• Dream
    Dream DREAMS Theories attempting to explain the origin and functions of REM sleep include: (1) that REM sleep provides stimulation for the development of the brain; (2) that it performs a chemical restoration function, since during REM dreaming neuro-protein synthesis occurs along with the restoration of other depleted brain chemicals; (3) that it provides oculomotor (eye movement) coordination, since during non-REM sleep the eyes move independently of each other; (4) that it provides a vigilanc
  • Interventions In The Narcissistic Disorders
    Interventions In The Narcissistic Disorders Introduction Understanding the Narcissistic Phenomenon The so called ‘narcissistic personality disorder’ is a complex and often misunderstood disorder. The cardinal feature of the narcissistic personality is the grandiose sense of self importance, but paradoxically underneath this grandiosity the narcissist suffers from a chronically fragile low self esteem. The grandiosity of the narcissist, however, is often so pervasive that we tend to dehumanize hi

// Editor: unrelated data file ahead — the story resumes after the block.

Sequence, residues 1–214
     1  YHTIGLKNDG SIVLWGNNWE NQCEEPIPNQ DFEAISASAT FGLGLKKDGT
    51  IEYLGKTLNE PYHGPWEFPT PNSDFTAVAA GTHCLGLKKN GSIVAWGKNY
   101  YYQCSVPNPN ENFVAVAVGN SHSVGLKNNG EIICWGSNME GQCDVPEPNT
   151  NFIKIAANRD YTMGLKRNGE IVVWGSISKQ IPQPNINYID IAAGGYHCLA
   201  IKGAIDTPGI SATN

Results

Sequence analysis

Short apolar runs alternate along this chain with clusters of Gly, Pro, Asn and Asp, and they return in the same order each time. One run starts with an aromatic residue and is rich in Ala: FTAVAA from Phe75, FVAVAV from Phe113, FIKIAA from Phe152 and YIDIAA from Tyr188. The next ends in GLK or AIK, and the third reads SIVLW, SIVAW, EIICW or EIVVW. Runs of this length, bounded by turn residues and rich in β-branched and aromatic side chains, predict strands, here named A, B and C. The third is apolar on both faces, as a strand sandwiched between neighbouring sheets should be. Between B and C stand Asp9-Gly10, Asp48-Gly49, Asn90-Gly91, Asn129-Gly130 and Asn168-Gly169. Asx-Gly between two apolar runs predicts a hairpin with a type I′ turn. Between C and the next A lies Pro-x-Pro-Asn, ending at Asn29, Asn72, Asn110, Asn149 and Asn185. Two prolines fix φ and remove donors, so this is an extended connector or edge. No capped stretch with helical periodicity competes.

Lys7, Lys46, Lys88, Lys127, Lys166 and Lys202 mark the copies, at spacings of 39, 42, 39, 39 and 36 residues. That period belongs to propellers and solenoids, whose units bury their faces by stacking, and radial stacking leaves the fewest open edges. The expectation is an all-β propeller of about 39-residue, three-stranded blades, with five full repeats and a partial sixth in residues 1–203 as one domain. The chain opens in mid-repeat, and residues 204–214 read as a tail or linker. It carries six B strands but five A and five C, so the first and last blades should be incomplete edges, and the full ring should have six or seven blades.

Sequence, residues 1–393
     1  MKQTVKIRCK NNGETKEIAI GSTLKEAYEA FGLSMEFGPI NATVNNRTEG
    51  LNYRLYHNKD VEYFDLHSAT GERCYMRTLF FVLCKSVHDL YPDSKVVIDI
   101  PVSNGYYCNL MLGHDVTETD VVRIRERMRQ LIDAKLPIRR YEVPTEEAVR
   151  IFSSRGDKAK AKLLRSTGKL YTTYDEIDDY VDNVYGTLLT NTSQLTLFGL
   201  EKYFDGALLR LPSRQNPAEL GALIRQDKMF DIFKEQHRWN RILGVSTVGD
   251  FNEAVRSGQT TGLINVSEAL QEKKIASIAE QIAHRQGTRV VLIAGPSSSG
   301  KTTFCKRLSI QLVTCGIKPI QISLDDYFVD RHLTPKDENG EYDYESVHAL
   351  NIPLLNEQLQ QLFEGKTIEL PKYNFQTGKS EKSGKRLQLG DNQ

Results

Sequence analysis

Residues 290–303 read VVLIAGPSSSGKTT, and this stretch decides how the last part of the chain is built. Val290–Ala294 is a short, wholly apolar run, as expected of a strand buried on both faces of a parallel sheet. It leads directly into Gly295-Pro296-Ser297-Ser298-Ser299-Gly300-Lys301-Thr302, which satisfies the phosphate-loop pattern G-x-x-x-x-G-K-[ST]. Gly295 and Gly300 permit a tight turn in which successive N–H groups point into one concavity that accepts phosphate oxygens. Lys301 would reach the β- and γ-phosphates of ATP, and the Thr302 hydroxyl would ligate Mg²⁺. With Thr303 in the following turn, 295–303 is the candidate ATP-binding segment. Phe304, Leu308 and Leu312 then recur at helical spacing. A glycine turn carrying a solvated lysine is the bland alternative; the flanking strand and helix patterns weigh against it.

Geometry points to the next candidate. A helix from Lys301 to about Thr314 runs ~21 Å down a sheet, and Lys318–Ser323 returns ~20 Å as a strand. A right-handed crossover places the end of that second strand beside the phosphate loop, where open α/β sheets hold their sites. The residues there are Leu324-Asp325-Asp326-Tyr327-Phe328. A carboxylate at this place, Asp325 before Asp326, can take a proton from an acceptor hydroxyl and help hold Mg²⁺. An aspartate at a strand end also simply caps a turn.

• Maddness
    Maddness In order for one to fully understand the term “madness”, we first need to show what the word really means. After looking through numerous definitions and asking others on their views, the definition from the oxford dictionary seemed to sum up the general thoughts of my family and friends. “…a departure from what is normal or accepted, a moral or mental lapse.” These views might differ from person to person as morals and ideas change and societies accept different behaviors. Thus I belie
  • Narcissism
    Narcissism On Narcissism: Psychological Theories and Therapeutic Interventions in the Narcissistic Disorders Introduction Understanding the Narcissistic Phenomenon The so called ‘narcissistic personality disorder’ is a complex and often misunderstood disorder. The cardinal feature of the narcissistic personality is the grandiose sense of self importance, but paradoxically underneath this grandiosity the narcissist suffers from a chronically fragile low self esteem. The grandiosity of the narciss